Sage grouse tend to thrive where domestic range sheep are grazed. The sheep "trim" the sagebrush so that it is neither too heavy nor too thinned. Sheep producers control the predators, mainly coyotes, who are a major cause of sage grouse loss. The birds are sensitive to disturbances such as vehicles and noise. Unfortunately, they seem to love windy country ideally suited to wind energy production. They also seem to be good detectors of underground petroleum resources.
Sage grouse & US Fish Wildlife service
richard stahl
richard stahl
Mar 10, 2010 01:24 PM
This is the second time around for grouse. Precluded from listing means the federal agency can't afford to work on anymore species, due to a lack of funding. Really? When I worked for the US Fish & Wildlife Service they had more than 10,200 staff, 2000 volunteers and a budget of $$3.3 Billion. If you're curious pull up omb.watch and their budget,then check their staff levels. Nealy all thier funding goes to refuges. And the ESAct? Well it gets only $164 million and a measley 660 staff for 1500 listed species and growing.
What you will find is this: 8 of every 10 staff work on a refuge, law enforcement or regional offices. Out of 10,200 staff only 623 work on listing or protecting species. In Florida we have more than 65 species listed- not one has been recovered. Ecological Services work on 'take' permits, allowing developers to destroy habitat all over the nation. Until and unless this trend stops, the agency will never list controversial species. Much worse, the critters now listed may never recover.
Five years ago a petition to list the sage grouse was submitted and all the states said they'd help to prevent listing. Wyoming let grouse hunting go on, despite research that 80% of grouse radio tracked were dying from mosquitoes & west nile virus. Mosquitoes in the sage you ask but where is the water for the little disease vectors in the dry uplands? Wells that pump water via coal bed methane drilling, wells that pump water into holding ponds where mosquitoes breed.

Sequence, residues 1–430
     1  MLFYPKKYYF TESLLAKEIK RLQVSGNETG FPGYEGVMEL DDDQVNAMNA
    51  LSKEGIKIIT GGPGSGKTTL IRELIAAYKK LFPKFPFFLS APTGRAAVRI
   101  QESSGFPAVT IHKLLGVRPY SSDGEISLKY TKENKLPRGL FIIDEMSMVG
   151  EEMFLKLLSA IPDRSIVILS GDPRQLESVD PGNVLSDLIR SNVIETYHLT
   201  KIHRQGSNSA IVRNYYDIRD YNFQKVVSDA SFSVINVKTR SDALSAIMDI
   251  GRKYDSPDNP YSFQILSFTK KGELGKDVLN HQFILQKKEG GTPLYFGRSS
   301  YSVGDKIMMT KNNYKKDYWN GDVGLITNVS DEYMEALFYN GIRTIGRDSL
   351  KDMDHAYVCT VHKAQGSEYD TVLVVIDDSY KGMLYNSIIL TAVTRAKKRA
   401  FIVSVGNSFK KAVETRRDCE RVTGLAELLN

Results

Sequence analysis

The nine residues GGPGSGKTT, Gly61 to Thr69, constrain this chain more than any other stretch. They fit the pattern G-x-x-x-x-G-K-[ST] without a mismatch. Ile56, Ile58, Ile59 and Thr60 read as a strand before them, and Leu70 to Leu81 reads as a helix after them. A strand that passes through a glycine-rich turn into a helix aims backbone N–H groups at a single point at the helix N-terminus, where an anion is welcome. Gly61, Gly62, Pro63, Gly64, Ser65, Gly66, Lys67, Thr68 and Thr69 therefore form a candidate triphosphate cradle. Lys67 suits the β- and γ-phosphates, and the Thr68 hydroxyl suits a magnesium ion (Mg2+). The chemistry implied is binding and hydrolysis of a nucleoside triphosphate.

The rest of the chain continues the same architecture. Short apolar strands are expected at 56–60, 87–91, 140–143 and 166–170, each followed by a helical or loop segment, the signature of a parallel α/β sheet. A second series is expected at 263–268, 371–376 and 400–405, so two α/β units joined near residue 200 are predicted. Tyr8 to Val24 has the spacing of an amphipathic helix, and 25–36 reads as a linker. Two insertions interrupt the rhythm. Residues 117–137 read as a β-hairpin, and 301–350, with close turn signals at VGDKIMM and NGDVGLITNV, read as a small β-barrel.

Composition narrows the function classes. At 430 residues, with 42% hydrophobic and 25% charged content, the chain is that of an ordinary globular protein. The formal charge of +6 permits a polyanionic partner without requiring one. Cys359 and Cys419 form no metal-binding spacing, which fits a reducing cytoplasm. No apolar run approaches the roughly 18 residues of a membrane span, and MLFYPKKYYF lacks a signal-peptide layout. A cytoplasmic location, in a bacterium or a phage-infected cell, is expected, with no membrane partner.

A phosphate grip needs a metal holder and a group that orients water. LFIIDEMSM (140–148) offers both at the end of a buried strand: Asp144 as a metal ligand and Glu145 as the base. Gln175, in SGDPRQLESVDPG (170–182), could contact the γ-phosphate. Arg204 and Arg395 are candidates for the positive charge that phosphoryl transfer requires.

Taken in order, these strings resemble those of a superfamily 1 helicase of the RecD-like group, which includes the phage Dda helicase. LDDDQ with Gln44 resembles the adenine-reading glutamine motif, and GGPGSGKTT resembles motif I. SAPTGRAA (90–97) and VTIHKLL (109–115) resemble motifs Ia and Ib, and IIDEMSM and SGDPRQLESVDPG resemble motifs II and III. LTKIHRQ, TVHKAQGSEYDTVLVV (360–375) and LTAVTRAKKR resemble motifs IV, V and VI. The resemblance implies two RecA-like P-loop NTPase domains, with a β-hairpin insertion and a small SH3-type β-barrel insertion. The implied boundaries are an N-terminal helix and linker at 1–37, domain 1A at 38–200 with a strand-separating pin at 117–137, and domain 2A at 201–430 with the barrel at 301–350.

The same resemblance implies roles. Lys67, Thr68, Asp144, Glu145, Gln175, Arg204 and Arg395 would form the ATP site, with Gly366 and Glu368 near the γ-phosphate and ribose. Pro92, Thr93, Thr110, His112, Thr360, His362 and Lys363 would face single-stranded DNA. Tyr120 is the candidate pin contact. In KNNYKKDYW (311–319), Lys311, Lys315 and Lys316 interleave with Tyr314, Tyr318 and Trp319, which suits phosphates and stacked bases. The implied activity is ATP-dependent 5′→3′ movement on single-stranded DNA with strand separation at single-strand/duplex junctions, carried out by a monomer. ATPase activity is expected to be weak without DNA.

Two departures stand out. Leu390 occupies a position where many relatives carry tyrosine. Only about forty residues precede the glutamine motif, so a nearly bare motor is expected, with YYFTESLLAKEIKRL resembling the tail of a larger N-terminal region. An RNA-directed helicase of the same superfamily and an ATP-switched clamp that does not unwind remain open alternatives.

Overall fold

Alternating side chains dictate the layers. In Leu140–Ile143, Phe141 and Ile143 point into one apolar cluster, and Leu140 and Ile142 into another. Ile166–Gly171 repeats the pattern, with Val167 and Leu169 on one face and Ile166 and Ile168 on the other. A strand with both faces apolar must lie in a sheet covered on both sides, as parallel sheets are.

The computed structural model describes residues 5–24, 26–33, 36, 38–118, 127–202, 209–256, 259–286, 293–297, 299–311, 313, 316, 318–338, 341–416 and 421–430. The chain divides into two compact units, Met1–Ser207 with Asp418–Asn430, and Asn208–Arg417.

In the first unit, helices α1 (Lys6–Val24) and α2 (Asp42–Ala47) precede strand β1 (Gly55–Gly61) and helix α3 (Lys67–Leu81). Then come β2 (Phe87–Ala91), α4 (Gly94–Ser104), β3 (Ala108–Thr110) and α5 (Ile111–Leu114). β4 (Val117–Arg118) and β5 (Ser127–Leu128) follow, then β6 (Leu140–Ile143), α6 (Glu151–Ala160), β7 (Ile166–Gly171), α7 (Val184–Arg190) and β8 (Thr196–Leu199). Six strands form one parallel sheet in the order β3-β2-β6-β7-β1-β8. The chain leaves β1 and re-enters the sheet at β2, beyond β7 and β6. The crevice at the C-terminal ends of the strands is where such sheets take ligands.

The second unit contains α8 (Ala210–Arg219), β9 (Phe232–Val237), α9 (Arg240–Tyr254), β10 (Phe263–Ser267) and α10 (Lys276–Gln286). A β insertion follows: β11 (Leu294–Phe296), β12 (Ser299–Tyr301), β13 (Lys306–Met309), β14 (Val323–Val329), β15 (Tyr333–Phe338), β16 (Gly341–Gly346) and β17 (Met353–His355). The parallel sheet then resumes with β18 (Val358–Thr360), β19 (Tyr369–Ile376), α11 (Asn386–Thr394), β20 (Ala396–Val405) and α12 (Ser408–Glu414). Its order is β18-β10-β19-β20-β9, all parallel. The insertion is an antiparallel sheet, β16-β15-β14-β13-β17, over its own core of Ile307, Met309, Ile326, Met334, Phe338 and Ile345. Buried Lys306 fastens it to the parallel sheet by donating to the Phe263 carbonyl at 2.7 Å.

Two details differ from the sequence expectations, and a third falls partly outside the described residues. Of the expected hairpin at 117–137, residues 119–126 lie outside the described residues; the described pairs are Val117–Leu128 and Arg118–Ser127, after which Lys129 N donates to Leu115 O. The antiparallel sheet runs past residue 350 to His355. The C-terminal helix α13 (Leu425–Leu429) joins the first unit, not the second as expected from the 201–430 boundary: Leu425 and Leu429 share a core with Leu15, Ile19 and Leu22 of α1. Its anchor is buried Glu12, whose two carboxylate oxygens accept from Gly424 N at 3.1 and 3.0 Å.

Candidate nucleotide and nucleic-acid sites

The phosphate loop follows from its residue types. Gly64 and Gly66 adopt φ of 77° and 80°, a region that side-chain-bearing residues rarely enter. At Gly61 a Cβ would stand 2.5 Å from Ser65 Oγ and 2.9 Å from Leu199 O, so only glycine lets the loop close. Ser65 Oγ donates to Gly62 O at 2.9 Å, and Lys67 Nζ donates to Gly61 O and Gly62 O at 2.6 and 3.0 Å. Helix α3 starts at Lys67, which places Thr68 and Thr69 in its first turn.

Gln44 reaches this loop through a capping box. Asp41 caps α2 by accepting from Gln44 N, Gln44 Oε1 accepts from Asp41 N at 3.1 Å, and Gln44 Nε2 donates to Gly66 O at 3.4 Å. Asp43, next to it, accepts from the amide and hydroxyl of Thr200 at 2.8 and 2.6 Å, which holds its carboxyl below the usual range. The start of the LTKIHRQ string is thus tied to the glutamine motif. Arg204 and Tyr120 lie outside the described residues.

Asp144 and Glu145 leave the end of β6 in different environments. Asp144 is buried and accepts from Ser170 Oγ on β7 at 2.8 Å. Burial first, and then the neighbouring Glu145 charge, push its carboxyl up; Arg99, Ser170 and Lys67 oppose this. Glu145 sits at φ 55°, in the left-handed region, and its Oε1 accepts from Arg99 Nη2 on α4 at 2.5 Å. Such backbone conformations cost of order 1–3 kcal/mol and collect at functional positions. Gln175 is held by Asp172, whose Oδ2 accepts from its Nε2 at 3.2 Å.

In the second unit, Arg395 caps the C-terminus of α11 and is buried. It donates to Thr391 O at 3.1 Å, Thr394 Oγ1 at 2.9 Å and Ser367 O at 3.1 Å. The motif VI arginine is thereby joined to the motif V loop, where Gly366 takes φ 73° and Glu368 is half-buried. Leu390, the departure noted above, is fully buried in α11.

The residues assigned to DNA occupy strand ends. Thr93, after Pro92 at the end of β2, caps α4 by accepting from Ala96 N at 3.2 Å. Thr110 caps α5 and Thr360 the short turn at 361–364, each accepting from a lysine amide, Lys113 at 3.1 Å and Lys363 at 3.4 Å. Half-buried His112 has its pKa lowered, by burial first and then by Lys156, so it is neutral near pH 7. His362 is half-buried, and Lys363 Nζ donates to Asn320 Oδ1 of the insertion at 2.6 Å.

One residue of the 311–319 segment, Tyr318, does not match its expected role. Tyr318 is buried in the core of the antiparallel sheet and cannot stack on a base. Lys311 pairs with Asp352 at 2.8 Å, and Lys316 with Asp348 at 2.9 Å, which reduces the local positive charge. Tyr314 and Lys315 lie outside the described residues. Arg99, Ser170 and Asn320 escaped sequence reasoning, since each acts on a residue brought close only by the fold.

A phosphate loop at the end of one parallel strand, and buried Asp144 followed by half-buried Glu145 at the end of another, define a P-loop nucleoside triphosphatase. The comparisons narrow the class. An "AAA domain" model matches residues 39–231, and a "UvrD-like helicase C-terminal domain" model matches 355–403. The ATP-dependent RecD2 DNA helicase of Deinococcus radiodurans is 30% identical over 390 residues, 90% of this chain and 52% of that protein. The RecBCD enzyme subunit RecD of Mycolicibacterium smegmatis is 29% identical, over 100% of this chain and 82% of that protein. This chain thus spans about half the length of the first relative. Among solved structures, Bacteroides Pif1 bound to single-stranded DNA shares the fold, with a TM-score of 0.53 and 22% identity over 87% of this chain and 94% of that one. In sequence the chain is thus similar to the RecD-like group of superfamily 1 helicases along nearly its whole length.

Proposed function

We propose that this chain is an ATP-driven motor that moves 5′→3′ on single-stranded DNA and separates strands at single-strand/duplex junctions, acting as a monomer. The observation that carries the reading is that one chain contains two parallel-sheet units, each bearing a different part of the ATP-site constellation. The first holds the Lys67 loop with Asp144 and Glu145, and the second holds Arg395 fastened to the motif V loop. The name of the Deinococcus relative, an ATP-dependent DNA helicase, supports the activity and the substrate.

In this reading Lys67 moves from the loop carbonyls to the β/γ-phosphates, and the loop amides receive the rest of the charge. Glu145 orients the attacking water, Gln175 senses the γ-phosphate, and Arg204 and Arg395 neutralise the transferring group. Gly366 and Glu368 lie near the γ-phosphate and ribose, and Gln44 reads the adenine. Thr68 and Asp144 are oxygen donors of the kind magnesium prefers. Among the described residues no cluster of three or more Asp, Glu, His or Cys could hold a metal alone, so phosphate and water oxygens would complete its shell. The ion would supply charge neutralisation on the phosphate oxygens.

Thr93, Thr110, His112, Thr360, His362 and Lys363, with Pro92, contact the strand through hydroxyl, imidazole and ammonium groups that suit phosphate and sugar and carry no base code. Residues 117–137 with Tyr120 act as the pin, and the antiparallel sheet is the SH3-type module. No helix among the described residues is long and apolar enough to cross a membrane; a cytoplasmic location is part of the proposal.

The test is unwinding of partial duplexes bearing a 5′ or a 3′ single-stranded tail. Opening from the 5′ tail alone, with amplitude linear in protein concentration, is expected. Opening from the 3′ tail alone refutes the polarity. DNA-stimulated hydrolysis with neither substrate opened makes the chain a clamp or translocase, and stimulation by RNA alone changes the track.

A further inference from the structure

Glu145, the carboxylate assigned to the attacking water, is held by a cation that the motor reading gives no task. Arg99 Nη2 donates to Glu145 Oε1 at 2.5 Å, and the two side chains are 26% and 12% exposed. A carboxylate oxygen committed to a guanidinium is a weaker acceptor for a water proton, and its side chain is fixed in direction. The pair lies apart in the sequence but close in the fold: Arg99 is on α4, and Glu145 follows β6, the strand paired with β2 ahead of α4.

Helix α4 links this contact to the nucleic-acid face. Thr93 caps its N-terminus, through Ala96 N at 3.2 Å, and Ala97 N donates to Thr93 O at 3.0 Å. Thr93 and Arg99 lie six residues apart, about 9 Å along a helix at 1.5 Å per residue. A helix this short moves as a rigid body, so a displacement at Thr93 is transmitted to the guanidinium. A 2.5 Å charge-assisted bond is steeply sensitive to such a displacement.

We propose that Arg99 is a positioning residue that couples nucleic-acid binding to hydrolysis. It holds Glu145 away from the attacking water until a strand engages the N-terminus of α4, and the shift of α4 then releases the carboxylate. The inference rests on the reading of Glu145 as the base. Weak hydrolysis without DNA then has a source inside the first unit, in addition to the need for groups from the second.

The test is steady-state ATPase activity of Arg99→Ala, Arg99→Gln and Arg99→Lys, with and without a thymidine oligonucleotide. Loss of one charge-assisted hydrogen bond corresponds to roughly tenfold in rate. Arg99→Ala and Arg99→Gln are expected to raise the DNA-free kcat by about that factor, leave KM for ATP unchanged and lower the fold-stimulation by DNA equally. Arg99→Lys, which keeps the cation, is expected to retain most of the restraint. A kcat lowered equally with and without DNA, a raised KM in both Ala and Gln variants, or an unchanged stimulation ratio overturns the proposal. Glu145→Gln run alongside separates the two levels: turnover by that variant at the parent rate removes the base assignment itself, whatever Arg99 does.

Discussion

We've lost most rare species in Florida, CA and Hawaii where more than 90% of all listed critters live. We nearly lost the species that live in ancient forests of the Northwest. One tree in particular we almost lost has a unique story, the Pacific Yes. Seems this tree is a favored roost tree for a certain owl. Time was in the Forest Service we cut this tree down, clear cut every tree to make way for a new forest. Thing is this tree has special bark that makes taxol that is 90+% effective against ovarian cancer. Not that an owl is more important than people or oil and gas,salmon in the Columbia or a snail darter in TN.

Why did we write the Endangered Species Act, was it to protect our legacy or the animal in question? We started with national parks, monuments and 200+ refuges. We gained grizzly bears and now wolves but when they could not read the boundry signs we simply killed them. What is important about our heritage is what goes missing and what we miss we wish to protect. So if we put some money aside from oil/gas royalties or wind energy we could afford more staff to work on listed species. Because the last thing I'd want to be is precluded from my heritage